“Is it a drop-off party?” she asks.
She asks the same question every time. Half the time I kiss her goodbye and watch the clock for two hours. Half the time I make small talk and try to decide whether or not I’ll have a piece of cake.
“I’m not sure.” I reply.
“I don’t want you to leave.”
I lift her up so that she can see the choices. Dozens of tiny bottles in rows. Mostly a study in reds and pinks but she finds the sparkly midnight blue and falls in love.
A few years ago, a neighbor mentioned taking her daughter with her for a pedicure. I got all giddy at the thought of it. How sweet! I couldn’t wait and started plotting out when this could be a thing for us too. “Well,” my neighbor replied, “it’s really the only way you get to go.”
We settle into the chair and she puts her feet in the water between mine. We don’t chat much but occasionally she will tilt her head back and say, “I’m so glad we’re doing this.” She says it a few times. “I’m so glad we’re doing this.” And whether or not this is the only way I get to have someone pamper my toes, I’m so glad we’re doing this too.
We walk in and there are hugs and little girls squealing but no crowd of parents milling about. The birthday girl announces that the party is downstairs. And they’re gone in a flash.
The mom we walked in with says goodbye and makes a fast exit. Another mom and I look at the dad for guidance. “We should wrap up by 4!” he says.
“Mommy, I had so much fun knitting with you last night!” she says, as we make her bed on Sunday morning.
A few months ago I bought a knitting kit. The box promised enough yarn to make a pair of very colorful fingerless gloves. We knitted a few rows before loosing track. And when I say ‘we’ I mean I knitted and she managed the yarn and sat next to me. In the past few days, this kit has resurfaced and she’s been asking to knit. So we put aside reading and stories last night and we knitted before bed. Just a few rows. We made very little progress. But we were curled up in bed together. We talked about what the gloves would look like. How she would accessorize them. We talked about the women I had seen knitting at the coffee shop where I worked on Friday afternoon. We worked a few rows and we chatted. We had so much fun.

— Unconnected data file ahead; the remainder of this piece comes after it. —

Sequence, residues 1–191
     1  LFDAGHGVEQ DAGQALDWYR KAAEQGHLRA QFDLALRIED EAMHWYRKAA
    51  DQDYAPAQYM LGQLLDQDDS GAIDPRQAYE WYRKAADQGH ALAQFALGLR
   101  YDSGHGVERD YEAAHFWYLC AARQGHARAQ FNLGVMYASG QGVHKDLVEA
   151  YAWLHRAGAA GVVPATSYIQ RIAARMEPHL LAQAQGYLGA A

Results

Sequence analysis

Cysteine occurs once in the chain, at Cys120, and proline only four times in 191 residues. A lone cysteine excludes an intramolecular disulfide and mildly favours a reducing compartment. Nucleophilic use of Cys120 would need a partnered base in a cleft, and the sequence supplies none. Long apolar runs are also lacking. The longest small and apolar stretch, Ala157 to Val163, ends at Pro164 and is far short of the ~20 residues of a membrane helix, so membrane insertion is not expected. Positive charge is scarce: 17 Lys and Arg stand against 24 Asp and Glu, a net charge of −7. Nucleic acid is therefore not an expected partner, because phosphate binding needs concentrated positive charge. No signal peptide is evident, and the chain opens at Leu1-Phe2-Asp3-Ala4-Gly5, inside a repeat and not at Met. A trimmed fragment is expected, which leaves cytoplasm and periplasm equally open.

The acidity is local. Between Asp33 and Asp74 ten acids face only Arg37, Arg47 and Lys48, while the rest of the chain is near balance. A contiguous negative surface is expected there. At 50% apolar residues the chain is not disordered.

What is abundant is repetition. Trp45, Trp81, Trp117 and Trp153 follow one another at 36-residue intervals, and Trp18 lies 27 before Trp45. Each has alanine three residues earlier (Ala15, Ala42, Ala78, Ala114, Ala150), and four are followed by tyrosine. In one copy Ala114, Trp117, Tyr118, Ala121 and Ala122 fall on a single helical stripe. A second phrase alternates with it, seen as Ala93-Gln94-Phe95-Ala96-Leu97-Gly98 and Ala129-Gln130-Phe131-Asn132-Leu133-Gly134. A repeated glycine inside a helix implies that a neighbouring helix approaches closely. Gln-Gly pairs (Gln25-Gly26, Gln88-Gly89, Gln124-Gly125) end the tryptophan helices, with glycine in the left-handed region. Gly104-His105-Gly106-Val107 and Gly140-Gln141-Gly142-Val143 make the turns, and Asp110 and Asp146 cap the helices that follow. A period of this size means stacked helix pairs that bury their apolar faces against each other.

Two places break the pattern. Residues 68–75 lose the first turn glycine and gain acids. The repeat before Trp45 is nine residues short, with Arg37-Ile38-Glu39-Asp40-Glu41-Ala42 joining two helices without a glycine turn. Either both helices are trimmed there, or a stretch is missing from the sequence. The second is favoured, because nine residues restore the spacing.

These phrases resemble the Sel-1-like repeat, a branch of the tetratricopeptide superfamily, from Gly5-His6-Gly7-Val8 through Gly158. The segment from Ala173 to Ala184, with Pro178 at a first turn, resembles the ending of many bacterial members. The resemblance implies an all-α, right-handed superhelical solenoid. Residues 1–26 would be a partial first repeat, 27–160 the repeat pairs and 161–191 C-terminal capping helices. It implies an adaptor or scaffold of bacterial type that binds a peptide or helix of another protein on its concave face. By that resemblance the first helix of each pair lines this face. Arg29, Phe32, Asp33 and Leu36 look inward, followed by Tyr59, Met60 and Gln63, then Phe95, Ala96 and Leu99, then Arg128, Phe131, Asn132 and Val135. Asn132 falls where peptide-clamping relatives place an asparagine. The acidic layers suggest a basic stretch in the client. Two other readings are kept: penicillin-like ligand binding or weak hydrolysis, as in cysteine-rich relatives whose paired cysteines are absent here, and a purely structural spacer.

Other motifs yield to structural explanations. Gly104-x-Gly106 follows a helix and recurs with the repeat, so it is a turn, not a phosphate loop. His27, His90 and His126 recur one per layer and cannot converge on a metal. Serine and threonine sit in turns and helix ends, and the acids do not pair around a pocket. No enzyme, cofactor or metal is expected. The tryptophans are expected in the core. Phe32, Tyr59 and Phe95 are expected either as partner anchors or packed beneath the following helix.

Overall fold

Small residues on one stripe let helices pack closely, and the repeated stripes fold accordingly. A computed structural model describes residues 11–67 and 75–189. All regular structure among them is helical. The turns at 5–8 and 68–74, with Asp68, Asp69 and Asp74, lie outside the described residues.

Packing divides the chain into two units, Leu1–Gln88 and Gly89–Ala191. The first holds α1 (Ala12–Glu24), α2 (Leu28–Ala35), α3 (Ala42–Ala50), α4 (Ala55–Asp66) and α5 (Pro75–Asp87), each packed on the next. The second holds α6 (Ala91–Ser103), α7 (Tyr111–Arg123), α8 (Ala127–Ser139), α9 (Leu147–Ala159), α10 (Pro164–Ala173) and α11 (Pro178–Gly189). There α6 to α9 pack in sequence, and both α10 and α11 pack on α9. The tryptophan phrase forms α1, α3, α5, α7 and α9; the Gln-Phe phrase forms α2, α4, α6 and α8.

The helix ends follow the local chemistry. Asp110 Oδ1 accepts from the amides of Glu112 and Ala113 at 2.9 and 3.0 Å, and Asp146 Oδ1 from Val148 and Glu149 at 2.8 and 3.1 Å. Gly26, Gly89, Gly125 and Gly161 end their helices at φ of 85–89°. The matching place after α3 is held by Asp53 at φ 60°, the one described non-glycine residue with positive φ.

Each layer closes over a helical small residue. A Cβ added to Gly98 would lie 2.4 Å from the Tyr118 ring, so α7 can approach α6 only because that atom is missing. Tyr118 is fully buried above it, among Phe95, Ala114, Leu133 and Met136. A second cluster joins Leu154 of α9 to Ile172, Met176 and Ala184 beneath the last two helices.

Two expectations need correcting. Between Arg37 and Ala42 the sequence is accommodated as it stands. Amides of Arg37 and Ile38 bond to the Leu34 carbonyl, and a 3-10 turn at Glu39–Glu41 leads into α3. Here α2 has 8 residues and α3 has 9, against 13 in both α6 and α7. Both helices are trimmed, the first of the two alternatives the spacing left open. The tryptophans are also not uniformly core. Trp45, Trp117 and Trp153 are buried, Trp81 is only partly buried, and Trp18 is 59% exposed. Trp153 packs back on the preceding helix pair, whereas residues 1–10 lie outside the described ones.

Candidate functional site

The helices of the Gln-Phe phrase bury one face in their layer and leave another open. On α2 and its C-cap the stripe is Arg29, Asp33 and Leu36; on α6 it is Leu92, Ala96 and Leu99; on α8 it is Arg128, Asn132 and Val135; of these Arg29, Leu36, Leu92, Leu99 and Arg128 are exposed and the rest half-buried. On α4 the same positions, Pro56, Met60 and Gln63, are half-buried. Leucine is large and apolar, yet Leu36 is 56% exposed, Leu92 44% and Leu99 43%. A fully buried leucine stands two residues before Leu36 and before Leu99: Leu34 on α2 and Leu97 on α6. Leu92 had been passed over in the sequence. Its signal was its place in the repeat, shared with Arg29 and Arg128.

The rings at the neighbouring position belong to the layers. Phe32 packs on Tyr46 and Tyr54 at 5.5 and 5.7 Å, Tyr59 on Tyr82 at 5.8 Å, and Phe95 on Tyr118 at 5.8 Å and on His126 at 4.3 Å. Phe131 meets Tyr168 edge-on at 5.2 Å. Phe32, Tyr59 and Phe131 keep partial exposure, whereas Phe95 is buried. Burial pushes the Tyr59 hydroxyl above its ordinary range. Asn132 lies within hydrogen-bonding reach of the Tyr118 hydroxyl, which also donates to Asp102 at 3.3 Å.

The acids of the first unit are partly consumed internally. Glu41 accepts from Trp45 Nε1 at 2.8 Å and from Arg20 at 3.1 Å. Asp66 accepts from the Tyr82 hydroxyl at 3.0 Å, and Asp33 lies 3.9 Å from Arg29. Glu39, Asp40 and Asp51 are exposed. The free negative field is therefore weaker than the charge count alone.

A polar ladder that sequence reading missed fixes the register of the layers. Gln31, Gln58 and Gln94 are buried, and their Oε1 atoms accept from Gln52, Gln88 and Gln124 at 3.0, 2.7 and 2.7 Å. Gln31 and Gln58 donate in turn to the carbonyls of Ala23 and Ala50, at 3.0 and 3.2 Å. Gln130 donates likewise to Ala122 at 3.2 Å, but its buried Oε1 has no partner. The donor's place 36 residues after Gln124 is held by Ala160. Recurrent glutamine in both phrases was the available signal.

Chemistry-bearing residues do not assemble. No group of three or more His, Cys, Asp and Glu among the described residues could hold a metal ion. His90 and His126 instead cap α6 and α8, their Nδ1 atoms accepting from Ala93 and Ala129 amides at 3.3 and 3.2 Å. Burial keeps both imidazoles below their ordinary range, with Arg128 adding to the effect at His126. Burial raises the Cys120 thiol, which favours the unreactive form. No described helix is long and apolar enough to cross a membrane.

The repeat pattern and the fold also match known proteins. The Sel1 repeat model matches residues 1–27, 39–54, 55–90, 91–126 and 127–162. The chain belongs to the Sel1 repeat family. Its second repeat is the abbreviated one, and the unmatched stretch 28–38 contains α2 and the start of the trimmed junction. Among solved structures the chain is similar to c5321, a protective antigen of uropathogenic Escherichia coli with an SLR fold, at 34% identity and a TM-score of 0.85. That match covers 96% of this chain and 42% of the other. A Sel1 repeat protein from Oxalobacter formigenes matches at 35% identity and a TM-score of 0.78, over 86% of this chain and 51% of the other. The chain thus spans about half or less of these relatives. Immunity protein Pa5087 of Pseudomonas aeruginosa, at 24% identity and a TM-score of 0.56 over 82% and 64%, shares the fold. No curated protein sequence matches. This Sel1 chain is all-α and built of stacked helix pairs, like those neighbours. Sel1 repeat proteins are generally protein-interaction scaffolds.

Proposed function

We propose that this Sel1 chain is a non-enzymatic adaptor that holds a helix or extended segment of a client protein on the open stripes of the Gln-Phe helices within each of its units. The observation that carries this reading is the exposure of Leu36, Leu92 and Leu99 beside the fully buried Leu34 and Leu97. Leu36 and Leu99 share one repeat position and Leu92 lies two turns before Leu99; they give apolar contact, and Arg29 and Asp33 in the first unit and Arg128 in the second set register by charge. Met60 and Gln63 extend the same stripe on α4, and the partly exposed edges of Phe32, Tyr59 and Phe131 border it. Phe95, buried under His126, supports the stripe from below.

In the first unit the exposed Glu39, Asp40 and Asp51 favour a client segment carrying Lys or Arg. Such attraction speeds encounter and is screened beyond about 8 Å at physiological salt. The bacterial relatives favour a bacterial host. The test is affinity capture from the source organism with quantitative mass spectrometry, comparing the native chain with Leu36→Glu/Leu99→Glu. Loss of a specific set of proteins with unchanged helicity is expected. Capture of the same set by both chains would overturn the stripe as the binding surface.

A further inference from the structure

I walk down the stairs and find my girl already deep into the party. The basement is set up like a vet’s office and my girl is registering her stuffed cheetah with the ‘doctor.’ I kneel down, placing my hand on her shoulder.
“I’m going to go, ok?” I ask, testing the waters, to see if this is really ok.
“Ok, bye mommy.” she replies. She looks tentative, shy, but not unsure. I smile and give her a hug. I linger by the steps before heading up and out. But she’s fine. I’ll worry for two hours and arrive well before 4. But she’s fine.
The coffee shop has been playing Neil Young all morning. I don’t ever put Neil Young on by choice but when he is put on for me, I will always get swept away by the strange sound of his voice and the wistfully sad melodies. “Don’t Let It Bring You Down” comes on and it takes me to the night she was born. Somehow that rather depressing song made it onto the playlist we took with us to the hospital. I don’t think it was actually the one playing as she came into the world but I associate it with those moments – the last ones before her and the first ones with her. And so I sit in the coffee shop, staring out the window, thinking back four years and 50 weeks to a quietly life changing morning.
She sees me as I enter the backyard and shouts, “Mommy!” and in the next breath, “I don’t wanna go.” But we do and she is polite, hugs for her friend, thank yous for the parents. We head home, play some more, and before bed she says she wants to knit again. So we do and she tells me about the party and school and friends. She draws the yarn out of the skein for me and somehow the yarn draws stories out of her. And I’m still thinking about almost five years ago and I don’t understand at all how we are here, knitting and chatting and curled up in bed. And sometimes it does get me down. How fast this is all going, how I drop her off at places now, how she’s ok with that, how she is happy to be someplace and doesn’t want to leave.
But then there are the pedicures. And the knitting.
And I’m so glad we’re doing this. I’m having so much fun.